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There Were So Many More Sporty Cars in the 1990s

It’s hard to believe now, but just 20 years ago, sporty cars were everywhere. Really, truly, everywhere. All automakers had several sporty cars in their lineups, and it wasn’t uncommon for many people to drive a sporty car, typically with two doors. Now, all that has changed.

Here’s what I mean: Consider Toyota back in the 1990s. There was a sporty compact car, the Paseo, a sporty, slightly larger-than-compact car, the Celica, a true sports car, the Supra, and even a midengine sporty car, the MR2. Chevy sold a coupe version of the compact Cavalier — and a convertible! That was in addition to the Beretta, the Camaro, the Corvette and the Monte Carlo. In addition to the Mustang, Ford had the Probe and a 2-door version of the Escort called the ZX2. 2-door cars were common.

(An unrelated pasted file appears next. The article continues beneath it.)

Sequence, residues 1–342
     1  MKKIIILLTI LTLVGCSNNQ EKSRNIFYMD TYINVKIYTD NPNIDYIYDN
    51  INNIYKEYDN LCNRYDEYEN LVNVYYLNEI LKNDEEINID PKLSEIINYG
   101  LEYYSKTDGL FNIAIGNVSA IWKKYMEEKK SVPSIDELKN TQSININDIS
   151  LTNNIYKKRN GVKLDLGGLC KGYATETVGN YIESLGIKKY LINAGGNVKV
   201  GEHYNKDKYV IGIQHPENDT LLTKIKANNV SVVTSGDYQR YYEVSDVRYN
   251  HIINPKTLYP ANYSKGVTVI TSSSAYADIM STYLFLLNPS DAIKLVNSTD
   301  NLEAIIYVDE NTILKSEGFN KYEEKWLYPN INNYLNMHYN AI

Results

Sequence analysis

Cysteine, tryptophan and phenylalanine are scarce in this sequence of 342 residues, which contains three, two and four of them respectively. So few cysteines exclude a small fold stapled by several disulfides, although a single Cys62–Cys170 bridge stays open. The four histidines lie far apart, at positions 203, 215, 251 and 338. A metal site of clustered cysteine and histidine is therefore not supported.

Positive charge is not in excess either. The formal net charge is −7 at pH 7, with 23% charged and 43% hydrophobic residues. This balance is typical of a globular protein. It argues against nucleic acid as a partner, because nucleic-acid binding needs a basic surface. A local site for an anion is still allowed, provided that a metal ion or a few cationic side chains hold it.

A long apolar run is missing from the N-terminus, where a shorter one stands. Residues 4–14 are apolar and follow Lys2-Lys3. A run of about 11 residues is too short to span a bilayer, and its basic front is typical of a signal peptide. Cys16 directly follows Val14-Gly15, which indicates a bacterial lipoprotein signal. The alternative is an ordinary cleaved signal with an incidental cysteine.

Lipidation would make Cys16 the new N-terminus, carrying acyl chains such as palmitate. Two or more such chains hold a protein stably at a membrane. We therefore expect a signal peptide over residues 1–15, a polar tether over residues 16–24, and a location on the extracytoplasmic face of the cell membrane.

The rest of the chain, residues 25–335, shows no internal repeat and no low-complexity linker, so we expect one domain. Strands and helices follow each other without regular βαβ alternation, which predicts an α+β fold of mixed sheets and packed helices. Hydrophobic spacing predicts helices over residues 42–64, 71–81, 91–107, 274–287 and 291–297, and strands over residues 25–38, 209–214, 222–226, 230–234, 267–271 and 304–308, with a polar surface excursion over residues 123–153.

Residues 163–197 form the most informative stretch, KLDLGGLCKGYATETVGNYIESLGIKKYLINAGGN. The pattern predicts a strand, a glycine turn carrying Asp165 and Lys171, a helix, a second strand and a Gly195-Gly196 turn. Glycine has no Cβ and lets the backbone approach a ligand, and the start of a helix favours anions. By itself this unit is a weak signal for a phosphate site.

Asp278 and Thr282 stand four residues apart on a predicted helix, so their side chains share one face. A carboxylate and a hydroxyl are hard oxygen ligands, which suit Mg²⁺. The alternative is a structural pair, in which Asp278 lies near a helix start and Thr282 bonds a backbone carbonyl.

These days, not so much. Only the legends survive: Mustang, Supra, Camaro, Miata, Corvette. All the other stuff is gone or deemed extraneous. Toyota has a second sporty car, sure, but not four. There’s no Cavalier convertible or even coupe. The Mazda MX-6 is gone and so’s the MX-3, and on and on down the lineup. The Mitsubishi Eclipse is an SUV. I could go on.

It’s an interesting shift. While most publications are lamenting the loss of the sedan — and, indeed, that is lamentable, and interesting and applicable to far more people than the loss of the sporty car — the "sort of" sporty coupe or convertible has been almost completely lost. These days, if you want a sporty-looking car, you also get a truly sporty car, like a Mustang. There’s no more "entry level" in the world of performance.

I suppose the reason for this is that people interested in a "cool-looking" car have now switched to SUVs. Those have taken up the title of the "cool-looking" car of the 2000s and 2010s, leaving the entry-level sporty car completely without buyers. I don’t necessarily think this is a shame, but I do think it’s been a fast shift in the market: In 20 years, we’ve gone from an abundance of these things to basically none, and now it’s almost hard to imagine a time (or believe there ever was a time) when the car industry was basically filled with coupes and convertibles.

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